OfS raises “Access Gap” concerns, names LSE

The Office for Students (OfS) has slammed several UK universities including Imperial College London, Oxford, Cambridge, Bristol, University College London and LSE for having the widest “access gap” between wealthier and poorer students. The OfS, which acts as the regulator and competition authority for the higher education sector in England, warned that this gap should be halved in five years. The LSE has rejected this statement, that it actively recruits exceptional students from all parts of society. 

According to the OfS report, despite an increase in the total student base, the number of poorer students in England’s most selective universities has hardly changed. The report suggests that leading schools such as Imperial College and LSE should provide another 6,000 spots for disadvantaged students within the next 5 years. The OfS can levy fines for universities who do not comply with its policies. 

Mike Buchanan, who heads the Headmasters’ and Headmistresses’ Conference, said that “Care is needed in starting actively to discriminate against individual young people on the basis of the class they were born into” and argued for selective universities to increase availability for private school graduates. Buchanan declared that the 6,000 spots suggested by the OfS should be made up by limiting the number of international students at selective universities stating, “universities should not to increase international student numbers if it denied places to UK students”.

LSE responded to the Beaver’s request for comment in regards to their policy to comply with the OfS report, saying, “LSE is committed to recruiting exceptional students from all parts of society. As part of this commitment, the School continues to commit significant funds on access, bursaries and outreach, with the aim of attracting and supporting a wide range of qualified students from under-represented backgrounds at LSE, as well enabling students to access higher education more generally through our widening participation outreach programme. Details can be found in the School’s Access and Participation Plan. LSE has been recognised by the Independent think tank, REFORM, for our progress on increasing admissions for students from the lowest participation neighbourhoods based on the POLAR3 dataset.”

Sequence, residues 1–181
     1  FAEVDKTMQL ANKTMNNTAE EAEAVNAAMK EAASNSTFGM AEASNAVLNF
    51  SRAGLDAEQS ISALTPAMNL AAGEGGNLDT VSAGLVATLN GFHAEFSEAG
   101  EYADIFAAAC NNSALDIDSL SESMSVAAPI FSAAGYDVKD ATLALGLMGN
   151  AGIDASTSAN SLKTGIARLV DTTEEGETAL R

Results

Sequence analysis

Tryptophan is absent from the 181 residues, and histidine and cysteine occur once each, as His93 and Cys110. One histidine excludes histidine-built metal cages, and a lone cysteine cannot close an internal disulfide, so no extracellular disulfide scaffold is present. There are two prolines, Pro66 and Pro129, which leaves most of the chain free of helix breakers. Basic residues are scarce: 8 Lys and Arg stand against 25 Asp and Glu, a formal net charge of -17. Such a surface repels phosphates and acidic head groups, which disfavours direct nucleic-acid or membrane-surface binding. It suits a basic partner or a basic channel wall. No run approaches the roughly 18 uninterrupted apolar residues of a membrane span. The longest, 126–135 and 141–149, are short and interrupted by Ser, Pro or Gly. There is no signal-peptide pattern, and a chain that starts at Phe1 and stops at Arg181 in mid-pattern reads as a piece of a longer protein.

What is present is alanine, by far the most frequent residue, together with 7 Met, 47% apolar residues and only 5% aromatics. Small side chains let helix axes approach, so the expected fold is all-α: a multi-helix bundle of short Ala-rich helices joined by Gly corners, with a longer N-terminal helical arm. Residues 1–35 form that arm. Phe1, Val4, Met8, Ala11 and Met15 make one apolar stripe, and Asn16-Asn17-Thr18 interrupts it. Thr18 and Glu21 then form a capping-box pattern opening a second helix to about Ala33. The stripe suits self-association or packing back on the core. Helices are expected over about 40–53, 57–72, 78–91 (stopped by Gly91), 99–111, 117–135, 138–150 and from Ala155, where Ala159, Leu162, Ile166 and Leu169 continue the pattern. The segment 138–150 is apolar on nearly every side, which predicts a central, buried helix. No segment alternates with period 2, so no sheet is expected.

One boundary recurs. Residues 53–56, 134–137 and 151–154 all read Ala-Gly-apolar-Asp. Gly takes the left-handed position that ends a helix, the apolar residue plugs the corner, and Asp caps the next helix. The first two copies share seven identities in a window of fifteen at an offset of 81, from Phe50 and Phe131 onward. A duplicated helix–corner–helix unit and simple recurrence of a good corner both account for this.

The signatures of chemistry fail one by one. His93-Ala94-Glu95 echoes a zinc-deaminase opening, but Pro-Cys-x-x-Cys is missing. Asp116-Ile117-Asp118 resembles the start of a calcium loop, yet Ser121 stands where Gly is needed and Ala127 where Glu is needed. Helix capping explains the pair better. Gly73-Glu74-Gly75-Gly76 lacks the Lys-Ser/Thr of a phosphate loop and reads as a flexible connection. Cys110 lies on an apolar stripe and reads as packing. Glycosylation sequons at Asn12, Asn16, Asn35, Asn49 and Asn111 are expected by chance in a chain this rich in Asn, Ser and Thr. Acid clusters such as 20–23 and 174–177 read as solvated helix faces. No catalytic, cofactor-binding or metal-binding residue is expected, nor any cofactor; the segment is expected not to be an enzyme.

In regards to the use of contextual information, LSE’s policy for applicants from the UK is to use this information “to gain a more complete picture of the educational and individual context of an applicant. This allows our admissions selectors to assess achievement and potential whilst recognising the challenges an applicant may have faced in their educational or individual circumstances.”

Finally, LSE rejected Buchanan’s argument that international students are displacing domestic students since LSE recruitment quotas are set before the application season so that a balanced number of domestic and international students may study at the school. 


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